In British Columbia and Saskatchewan, it has been held that section 21 provides an automatic right to appeal corollary orders under the Divorce Act that prevails over any conflicting provincial legislation which requires leave to appeal.4In Nova Scotia, it has been held that a consent order for corollary support requires leave to appeal to the Court of Appeal pursuant to section 39 of the Judicature Act.5In Ontario, it has been held that interim corollary orders under the Divorce Act require leave to appeal to the Divisional Court pursuant to section 19(1)(b) of the Courts of Justice Act.6The Ontario Court of Appeal reasoned that section 21(1) of the Divorce Act establishes the right to appeal an interim order but it must be read in light of section 21(6) of the Divorce Act, which stipulates that "an appeal under this section shall be asserted, heard and decided according to the ordinary procedure governing appeals," and having regard also to section 25, which empowers the provinces "to make rules regulating practice and procedure." And in Ontario, the "ordin-
ary procedure" for appealing an interlocutory order is governed by section 19(1) of the Courts of Justice Act, which provides that "[a]n appeal lies to the Divisional Court from . . . (b) an interlocutory order of a judge of the Superior Court of Justice, with leave as provided in the rules of court." Addressing the conjoint operation of section 21 of the Divorce Act and section 19(1) of the Courts of Justice Act, the Ontario Court of Appeal determined that the doctrine of paramountcy is not engaged because there is no operational incompatibility between the federal and provincial legislative provisions. Applying the test of incompatibility set out in Canadian Western Bank v Alberta7 as to whether it is impossible to comply simultaneously with both laws or whether the operation of the provincial law would frustrate the purpose of the federal legislation, the Ontario Court of Appeal observed that due compliance with both statutes is accommodated by a party seeking leave to appeal pursuant to section 19(2)(b) of the Courts of Justice Act. Pursuant to the conjoint operation of subsections 21(1) and 21(6) of the Divorce Act, RSC 1985, c 3 (2nd Supp) and articles 29 and 511 of the Code of Civil Procedure, RSQ, c C-25, an appeal from an interlocutory judgment rendered in the context of a divorce proceeding in Quebec requires leave of the court, regardless of the subject matter and object of the interlocutory proceeding and whether it relates to the interpretation of a provision of the Divorce Act.8In reaching this conclusion, the Quebec Court of Appeal accepted the analysis of the Ontario Court of Appeal in Elgner v Elgner.9Subject to section 21(4) of the Divorce Act, section 21(3) prohibits any appeal from an interim or final order for corollary relief, unless the appeal is instituted within thirty days after the day on which the order was made. The statutory requirements are satisfied if the appeal is filed on the thirtieth day, but the hearing is fixed for a subsequent date.10The Manitoba Court of Appeal has held that the time fixed by section 21(3) for filing a notice of appeal with respect to a corollary issue in divorce proceedings runs from the date of entry, not from the date of pronouncement of the order. In matters relating to corollary relief orders, it makes more sense for time to run from the date of entry and not from the date of pronouncement of the judgment because a trial judge has the privilege of varying his decision until the moment of entry so that variations in the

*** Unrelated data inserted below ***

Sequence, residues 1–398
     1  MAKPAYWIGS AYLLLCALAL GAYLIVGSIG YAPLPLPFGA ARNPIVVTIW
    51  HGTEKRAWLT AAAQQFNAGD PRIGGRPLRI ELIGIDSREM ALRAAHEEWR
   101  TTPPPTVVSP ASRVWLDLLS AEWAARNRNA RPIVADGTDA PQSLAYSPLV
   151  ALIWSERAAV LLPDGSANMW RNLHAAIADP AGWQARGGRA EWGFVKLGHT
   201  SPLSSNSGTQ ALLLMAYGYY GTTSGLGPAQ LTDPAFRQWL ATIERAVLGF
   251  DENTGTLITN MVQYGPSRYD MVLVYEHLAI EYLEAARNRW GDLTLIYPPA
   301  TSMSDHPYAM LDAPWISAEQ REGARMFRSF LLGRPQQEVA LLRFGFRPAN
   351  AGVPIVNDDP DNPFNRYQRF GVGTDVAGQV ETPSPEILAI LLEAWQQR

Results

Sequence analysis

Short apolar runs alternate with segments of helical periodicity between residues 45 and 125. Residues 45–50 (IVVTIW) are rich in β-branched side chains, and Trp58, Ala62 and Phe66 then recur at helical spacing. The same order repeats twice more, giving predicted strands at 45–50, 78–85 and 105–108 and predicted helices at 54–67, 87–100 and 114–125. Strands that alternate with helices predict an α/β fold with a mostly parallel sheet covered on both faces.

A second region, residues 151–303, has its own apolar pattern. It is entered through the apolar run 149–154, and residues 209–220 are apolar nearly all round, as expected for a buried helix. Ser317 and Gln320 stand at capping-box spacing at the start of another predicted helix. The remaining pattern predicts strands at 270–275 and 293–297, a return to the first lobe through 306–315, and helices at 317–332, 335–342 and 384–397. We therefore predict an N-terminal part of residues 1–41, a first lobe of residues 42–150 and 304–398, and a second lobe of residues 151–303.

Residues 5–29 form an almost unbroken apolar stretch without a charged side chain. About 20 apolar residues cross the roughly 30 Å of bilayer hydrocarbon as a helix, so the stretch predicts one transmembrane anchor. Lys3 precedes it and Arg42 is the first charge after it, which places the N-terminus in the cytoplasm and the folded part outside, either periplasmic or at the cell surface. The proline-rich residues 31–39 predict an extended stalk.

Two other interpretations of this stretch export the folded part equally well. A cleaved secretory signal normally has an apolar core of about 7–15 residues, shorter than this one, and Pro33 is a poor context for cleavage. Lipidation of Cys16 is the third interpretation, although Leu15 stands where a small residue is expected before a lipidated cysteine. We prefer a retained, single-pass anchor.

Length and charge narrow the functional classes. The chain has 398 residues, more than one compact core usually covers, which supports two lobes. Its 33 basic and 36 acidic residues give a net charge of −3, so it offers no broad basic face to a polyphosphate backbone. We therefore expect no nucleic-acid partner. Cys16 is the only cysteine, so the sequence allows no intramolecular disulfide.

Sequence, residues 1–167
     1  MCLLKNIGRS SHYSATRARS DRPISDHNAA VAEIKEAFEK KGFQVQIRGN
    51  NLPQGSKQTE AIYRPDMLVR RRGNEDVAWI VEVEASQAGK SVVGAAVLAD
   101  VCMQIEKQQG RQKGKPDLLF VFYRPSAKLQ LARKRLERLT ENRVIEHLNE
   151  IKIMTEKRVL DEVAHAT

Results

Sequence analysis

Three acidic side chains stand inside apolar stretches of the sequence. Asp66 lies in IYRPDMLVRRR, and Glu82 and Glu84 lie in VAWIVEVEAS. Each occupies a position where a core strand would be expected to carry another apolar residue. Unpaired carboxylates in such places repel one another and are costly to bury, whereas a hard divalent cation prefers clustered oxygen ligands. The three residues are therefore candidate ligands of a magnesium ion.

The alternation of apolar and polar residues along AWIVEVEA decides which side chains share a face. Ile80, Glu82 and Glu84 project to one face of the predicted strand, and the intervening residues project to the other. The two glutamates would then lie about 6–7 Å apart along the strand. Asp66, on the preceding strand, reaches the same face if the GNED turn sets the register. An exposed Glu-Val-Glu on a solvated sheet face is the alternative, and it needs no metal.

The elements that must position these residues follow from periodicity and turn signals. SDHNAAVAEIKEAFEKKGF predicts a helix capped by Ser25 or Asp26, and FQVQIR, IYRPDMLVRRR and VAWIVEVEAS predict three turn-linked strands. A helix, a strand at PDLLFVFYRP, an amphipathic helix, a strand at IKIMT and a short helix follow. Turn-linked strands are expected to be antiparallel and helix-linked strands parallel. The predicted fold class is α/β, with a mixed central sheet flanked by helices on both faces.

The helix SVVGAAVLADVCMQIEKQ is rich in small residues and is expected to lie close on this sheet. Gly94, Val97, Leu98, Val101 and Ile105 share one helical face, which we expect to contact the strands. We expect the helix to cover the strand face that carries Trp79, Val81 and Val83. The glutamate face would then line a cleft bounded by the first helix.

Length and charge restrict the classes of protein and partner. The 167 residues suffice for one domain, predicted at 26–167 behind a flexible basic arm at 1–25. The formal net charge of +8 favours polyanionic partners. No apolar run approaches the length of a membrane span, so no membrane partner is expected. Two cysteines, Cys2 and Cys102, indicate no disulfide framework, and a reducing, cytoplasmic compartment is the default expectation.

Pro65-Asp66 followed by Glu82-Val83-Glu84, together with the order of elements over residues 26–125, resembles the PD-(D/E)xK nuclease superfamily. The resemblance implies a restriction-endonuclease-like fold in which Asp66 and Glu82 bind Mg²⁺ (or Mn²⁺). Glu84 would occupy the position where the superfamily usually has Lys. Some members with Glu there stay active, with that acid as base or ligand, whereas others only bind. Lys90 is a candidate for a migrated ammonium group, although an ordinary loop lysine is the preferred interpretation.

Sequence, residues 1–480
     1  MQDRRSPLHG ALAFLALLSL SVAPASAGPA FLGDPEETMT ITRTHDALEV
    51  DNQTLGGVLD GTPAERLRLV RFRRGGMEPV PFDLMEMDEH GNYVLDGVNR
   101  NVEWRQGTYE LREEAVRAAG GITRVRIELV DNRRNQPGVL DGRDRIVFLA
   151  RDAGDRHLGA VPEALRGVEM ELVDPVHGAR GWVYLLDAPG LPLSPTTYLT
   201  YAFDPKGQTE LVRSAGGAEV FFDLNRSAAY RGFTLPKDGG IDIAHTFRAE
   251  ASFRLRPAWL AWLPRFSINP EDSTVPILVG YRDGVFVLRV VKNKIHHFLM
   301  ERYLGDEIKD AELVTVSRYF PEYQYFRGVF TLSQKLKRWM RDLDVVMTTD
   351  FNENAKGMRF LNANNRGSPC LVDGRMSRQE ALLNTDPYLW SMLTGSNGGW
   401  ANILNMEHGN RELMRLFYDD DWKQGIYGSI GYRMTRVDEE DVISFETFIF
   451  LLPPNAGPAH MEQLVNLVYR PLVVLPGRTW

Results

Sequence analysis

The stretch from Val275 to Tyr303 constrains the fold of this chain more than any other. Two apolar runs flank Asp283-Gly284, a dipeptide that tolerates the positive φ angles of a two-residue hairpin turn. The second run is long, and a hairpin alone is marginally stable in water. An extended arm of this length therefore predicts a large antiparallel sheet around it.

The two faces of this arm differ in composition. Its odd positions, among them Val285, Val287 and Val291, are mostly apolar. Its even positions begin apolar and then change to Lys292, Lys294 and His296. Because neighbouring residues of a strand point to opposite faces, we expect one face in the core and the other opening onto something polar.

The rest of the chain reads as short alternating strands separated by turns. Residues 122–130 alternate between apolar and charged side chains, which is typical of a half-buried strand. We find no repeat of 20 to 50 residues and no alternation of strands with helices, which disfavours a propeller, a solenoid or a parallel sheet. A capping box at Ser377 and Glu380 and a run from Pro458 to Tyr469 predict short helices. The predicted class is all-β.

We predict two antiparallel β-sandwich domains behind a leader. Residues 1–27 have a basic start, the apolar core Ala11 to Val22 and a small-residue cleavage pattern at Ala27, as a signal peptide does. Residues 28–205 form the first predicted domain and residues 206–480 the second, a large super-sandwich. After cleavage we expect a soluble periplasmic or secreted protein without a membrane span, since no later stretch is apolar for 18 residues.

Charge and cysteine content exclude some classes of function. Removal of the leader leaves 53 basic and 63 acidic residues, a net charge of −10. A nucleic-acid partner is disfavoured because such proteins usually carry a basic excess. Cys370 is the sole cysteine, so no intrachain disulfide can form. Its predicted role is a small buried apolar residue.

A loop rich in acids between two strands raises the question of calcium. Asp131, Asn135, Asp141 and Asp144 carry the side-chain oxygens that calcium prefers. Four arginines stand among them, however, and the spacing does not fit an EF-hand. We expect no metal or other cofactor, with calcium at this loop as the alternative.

order can and do sometimes occur at the last minute.11As Baird JA, of the Manitoba Court of Appeal, observed in Singh v Pierpont, "[i]t is important to note that the requirement that an order be "entered" in the court...